Clean your virtual desk

Cluttered desktopHow many icons are sitting on your computer desktop, unused? Nearly every software installation adds to the clutter on your desktop, but the only ones that need to be there are the ones you use regularly. All the rest can be found on your Start Menu.

For a quick fix, go to your desktop and delete every shortcut icon that you haven’t used in the last month. You can tell the shortcuts by the small arrow on the bottom left of the icon. These are safe to delete, because the program stays on your computer and is accessible through the Start Menu. If you have file folders or documents sitting on your desktop, don’t trash these. You can always them to your “My Documents” folder to clean things up.

Even better, there are a couple more places that are convenient locations for your program icons. One is your taskbar, usually at the bottom or the right of your screen. You can drag icons to an area next to the start button, and these stay accessible all the time, even when you are using other programs. I have Outlook and Internet Explorer on this bar, because I use these two programs the most. You can also add programs to the top of your Start Menu. This saves the time it would take to browse through the Program list.

The difference between a server and a desktop computer

Dell server farmAren’t servers just souped-up desktop computers? Not exactly. If you are in charge of your company’s technology, you need to know what makes them different.

Server Software

Regular computers usually run some flavor of Windows, like XP or Vista. Macs of course run Mac software (OS X), and there are also open source desktop alternatives such as Linux.

Servers generally run more powerful operating systems that can handle networking, email, internet/intranet hosting, file sharing, databases, and more. Windows Server and Windows Small Business Server are quite popular in small and mid-size businesses. Mac offers OS X Server if you want to run your entire network on Macs.

Linux servers are also a popular choice. Because this is an open-source option, there are many different choices, referred to as distributions. Popular examples include Red Hat, Ubuntu, and SUSE. Some distros are better suited to handle server requirements while others are intended as a desktop operating system.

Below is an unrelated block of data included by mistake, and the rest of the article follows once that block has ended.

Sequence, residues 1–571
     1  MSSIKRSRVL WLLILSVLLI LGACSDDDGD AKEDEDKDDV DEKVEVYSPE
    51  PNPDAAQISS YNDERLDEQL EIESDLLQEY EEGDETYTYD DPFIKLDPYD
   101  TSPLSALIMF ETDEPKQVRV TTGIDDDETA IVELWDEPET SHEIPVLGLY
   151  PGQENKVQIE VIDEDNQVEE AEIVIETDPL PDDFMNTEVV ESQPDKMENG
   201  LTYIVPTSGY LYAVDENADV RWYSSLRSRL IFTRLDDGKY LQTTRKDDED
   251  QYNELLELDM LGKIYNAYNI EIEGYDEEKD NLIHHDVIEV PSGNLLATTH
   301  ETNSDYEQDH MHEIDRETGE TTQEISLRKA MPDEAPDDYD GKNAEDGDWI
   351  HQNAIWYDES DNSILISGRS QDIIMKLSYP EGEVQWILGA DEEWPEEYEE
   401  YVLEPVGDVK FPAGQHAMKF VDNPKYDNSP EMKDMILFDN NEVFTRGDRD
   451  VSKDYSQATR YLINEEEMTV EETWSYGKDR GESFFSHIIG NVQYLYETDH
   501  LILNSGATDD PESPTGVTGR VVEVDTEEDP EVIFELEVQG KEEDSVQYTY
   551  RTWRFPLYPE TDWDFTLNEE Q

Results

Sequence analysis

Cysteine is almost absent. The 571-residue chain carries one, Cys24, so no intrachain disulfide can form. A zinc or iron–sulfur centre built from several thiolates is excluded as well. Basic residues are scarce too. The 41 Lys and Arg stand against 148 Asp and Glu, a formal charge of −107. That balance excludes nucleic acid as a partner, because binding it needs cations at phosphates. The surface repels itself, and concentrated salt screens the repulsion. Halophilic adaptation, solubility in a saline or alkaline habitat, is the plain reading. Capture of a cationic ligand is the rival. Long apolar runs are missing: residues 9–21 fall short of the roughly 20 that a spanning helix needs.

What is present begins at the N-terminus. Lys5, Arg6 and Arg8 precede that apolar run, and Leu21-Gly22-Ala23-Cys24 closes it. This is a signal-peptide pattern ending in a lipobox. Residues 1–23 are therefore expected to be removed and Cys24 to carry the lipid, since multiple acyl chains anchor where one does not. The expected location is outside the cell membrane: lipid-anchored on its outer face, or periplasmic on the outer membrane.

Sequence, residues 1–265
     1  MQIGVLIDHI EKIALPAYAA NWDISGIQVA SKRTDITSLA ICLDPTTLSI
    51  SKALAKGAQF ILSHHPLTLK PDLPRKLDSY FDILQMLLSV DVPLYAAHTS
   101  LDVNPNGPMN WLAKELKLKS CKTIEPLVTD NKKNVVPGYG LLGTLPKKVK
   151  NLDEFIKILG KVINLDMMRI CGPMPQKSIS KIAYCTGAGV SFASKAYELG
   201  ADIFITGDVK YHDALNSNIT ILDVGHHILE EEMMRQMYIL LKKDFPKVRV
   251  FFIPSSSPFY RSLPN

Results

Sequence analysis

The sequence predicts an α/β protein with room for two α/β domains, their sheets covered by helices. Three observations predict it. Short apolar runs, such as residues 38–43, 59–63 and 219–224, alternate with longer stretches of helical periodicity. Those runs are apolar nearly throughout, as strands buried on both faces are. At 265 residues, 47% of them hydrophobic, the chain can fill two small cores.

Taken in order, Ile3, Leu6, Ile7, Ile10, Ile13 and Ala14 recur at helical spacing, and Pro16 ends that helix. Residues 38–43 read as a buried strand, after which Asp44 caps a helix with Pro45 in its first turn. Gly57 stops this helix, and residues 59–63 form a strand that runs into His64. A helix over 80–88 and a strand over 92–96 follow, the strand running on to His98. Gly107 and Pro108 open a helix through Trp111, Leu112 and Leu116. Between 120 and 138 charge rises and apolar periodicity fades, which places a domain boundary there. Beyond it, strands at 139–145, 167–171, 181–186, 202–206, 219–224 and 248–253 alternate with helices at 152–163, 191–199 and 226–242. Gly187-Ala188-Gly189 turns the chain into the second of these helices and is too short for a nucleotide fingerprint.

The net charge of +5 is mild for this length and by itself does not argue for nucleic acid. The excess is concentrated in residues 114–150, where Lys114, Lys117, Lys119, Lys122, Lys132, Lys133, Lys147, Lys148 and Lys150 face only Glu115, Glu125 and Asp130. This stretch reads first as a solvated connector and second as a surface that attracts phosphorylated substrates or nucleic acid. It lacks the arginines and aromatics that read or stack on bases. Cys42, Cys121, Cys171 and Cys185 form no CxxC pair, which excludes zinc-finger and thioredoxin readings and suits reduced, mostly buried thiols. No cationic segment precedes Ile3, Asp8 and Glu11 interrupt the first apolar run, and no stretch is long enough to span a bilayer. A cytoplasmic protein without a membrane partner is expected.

With Windows and Mac, there’s one more software component you’ll need: client access licenses (CALs) that allow computers on the network to connect to the server. In most cases you need one for each computer; they are usually sold in packs of 5, 10, and 25.

Server Hardware

The second major difference between computers and servers: better hardware. You’ll generally see better quality parts and more redundancy (duplication of hardware). The reason? If a desktop goes down, it impacts a single person. If a server goes down, it can easily impact dozens, even hundreds of people at once.

Better quality parts used to be something you could take for granted. However, if you purchase a no-name brand or even a really low-end name-brand, the quality difference will not be great. You often get what you pay for, and it’s difficult to do a true apples-to-apples comparison.

Redundancy is easier to check up on. RAID is a must even on a budget server–it stands for redundant array of inexpensive disks and keeps your server from crashing if a hard drive dies. More expensive servers add a wide variety of features from hot-swap removable drives to dual power sources. Multiple processors and plenty of memory (RAM) keep things running smoothly even for resource-hungry software applications.

You can select a tower case, just like a normal desktop computer, or a rack-mountable case. This is largely a question of convenience. If you have several servers, it is most efficient to mount them in a space-saving rack. If you have just one or two, it may not make much difference.

Vive la difference!

Now that you know the difference, you can shop smart, balancing price and reliability to get the server that best meets your needs.

Two monitors are better than one

Dual monitorsYou may have thought the biggest advantage of switching to a flatscreen LCD monitor was the space it saves on your desktop. Now studies are showing that one of the simplest, most profound ways to increase productivity is to get two!

Keep email open in one screen while managing your work on the other. View a large spreadsheet in its entirety. Compare two documents—or two website pages—side by side. The possibilities are endless, and as simple as it sounds, the change is dramatic.

You can set up your monitors side-by-side, stacked one above the other, diagonally, or just about any other way you can imagine. The mouse works as usual, moving smoothly from one monitor to the other.

If you’ve got a laptop, simply plug in a monitor. For a desktop, you’ll need a video card that has two video outputs and of course a second monitor. The rest is already built into Windows.